IT Band Syndrome — The Iliotibial Band is a thick connective fascia that wraps around the outside of the knee and runs to the outside of the hip. Inflammation and pain can be felt anywhere along the tract, but is most common at the connective points—on the knee or in the butt and hips. Noticing a pattern? When this band is stretched or strained out of its proper biomechanical alignment, you’ll see a problem. Relief: Massage, ice and stretching will help loosen strain in the IT Band. Foam rollers work wonders for this injury, despite the discomfort during the rolling. If you run on a cambered road, make sure you aren’t always running in one direction (people who run a loop on an uneven road will often suffer this injury on the left leg, or the one that is always downhill). Again, ensure you have the proper support in your footwear, as wearing shoes that allow your foot to pronate will cause your whole leg to fall out of alignment, therefore stressing all of these connective tissues and ligaments.

Runners’ Knee — Clinically known as patellofemoral knee syndrome, this injury refers to pain in the area underneath the kneecap where the joint connects the patella (knee cap) to the femur (thigh bone). Pain can be acute or chronic and worsens with use. Relief: Rest and ice are the best relief for runners’ knee, especially for immediate relief. Biomechanical misalignment can be the root cause of knee trouble and can sometimes be corrected with properly supportive shoes, orthotics, or a change in running technique and form. Heavy heel striking can exaggerate pressure on joints, thereby aggravating the problem, so it may be time to examine your gait and soften your stride.

Shin Splints — Medial Tibial Stress Syndrome, popularly known as shin splints, is one of the most common injuries, especially for athletes rapidly increasing their training. There are two kinds of common shin pain: on the outside of the shin (lateral) and on the inside of the shin (medial). Lateral pain typically relates to overtraining and can be relieved by rest and ice; this pain is clinically not considered shin splint. Medial shin splints are characterized by burning or sharp pain on the inside of the shinbone (tibia) and effect the connective tissue and muscles as well as the bone itself. In extreme cases, shin splints can lead to stress fractures in the tibia, which is extremely painful and can require a much longer recovery. Relief: Medial shin splints also benefit from rest and icing to bring down swelling. (No magic bullets here, just take it easy.) Over-pronation of the feet is also a risk factor for developing shin splints, as inward rotation of the foot and angle pull the muscles on the inner shin away from the tibia bone, adding stress to that high-impact area. Overly worn shoes can also aggravate the problem, as decreased cushioning means the shoes are not absorbing as much of the shock, which is therefore transferred to the bones and joints of the feet and lower legs. New shoes might be a consideration.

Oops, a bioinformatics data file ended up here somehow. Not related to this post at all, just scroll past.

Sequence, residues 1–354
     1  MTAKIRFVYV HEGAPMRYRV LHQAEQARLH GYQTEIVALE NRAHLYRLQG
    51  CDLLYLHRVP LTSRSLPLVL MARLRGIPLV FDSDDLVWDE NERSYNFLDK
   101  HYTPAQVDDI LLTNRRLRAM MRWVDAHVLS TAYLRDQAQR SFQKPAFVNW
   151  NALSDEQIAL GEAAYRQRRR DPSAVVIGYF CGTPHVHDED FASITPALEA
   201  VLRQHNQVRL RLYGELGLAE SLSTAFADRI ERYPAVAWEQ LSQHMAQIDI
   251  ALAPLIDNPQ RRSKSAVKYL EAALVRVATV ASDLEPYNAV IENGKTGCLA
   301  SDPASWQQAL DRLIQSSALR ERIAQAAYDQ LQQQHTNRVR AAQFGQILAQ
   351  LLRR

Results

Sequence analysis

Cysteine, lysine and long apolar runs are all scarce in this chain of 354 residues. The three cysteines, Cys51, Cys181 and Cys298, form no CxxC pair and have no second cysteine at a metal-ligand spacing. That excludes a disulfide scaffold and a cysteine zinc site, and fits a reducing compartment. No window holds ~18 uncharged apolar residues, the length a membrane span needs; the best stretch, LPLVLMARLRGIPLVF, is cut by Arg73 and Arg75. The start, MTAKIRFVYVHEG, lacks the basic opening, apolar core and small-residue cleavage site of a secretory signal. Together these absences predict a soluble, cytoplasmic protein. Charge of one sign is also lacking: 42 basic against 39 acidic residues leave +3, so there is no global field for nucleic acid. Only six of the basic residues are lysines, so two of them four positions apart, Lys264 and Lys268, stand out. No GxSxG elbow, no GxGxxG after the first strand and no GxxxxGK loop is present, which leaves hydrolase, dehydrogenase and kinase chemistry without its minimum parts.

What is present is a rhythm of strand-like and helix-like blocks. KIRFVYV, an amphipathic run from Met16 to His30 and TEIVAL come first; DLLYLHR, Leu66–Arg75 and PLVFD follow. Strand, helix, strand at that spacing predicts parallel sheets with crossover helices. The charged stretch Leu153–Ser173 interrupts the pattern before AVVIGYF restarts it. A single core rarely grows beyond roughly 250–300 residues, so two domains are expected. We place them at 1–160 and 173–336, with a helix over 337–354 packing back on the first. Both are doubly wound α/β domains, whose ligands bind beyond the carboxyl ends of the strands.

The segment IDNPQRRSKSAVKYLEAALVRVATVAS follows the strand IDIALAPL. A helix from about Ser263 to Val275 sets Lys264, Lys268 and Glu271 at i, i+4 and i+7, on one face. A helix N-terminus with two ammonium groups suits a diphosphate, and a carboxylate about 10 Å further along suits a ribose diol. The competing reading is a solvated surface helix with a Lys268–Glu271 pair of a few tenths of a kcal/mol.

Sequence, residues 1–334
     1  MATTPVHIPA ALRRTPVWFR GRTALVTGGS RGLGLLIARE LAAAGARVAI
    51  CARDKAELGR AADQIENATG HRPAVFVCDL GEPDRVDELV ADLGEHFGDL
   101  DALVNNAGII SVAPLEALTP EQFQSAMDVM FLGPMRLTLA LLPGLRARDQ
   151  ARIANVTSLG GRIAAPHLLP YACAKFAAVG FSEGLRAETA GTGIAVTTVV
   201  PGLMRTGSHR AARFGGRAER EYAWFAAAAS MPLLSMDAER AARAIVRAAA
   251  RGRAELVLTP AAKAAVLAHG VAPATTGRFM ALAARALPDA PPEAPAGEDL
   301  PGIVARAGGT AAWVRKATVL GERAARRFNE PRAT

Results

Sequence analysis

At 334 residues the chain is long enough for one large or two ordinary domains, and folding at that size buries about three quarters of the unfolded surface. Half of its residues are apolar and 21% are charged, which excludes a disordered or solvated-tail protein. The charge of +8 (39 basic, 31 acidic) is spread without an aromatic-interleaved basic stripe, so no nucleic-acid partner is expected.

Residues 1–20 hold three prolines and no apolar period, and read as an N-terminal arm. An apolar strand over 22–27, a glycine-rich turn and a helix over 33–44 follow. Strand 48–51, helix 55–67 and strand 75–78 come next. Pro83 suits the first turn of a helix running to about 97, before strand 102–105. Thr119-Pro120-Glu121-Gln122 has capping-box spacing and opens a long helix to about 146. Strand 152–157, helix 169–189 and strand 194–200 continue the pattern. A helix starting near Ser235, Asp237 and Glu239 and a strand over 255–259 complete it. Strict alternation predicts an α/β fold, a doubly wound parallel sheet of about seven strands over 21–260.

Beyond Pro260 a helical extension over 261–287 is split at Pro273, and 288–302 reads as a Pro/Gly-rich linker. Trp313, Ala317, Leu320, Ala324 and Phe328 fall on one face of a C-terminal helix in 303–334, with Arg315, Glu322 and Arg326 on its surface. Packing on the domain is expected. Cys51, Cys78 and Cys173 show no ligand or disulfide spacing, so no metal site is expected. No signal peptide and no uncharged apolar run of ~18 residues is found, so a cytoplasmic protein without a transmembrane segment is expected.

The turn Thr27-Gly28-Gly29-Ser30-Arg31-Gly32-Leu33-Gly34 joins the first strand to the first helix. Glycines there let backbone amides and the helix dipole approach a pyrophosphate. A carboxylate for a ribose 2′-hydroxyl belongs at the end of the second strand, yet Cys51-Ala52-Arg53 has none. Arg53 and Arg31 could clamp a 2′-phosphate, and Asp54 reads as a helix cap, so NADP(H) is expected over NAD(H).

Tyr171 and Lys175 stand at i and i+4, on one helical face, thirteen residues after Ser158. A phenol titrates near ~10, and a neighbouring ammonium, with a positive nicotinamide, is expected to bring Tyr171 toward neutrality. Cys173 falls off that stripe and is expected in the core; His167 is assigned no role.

As with all sports-related injuries, check with a physical trainer or medical professionals if problems persist.

Editor’s note: Christy Lynn spent two years working in specialty running stores in New York City and Vancouver, B.C. before joining a specialty running company as a technical representative. She then became a biomechanics guru, traveling across western Canada educating runners and running shops about how footwear affects natural biomechanics and can be used to relieve and prevent some of the most common running injuries. She now works in the family publishing business, but still loves to run and in her spare time keeps tabs on all the new changes and developments in the running world.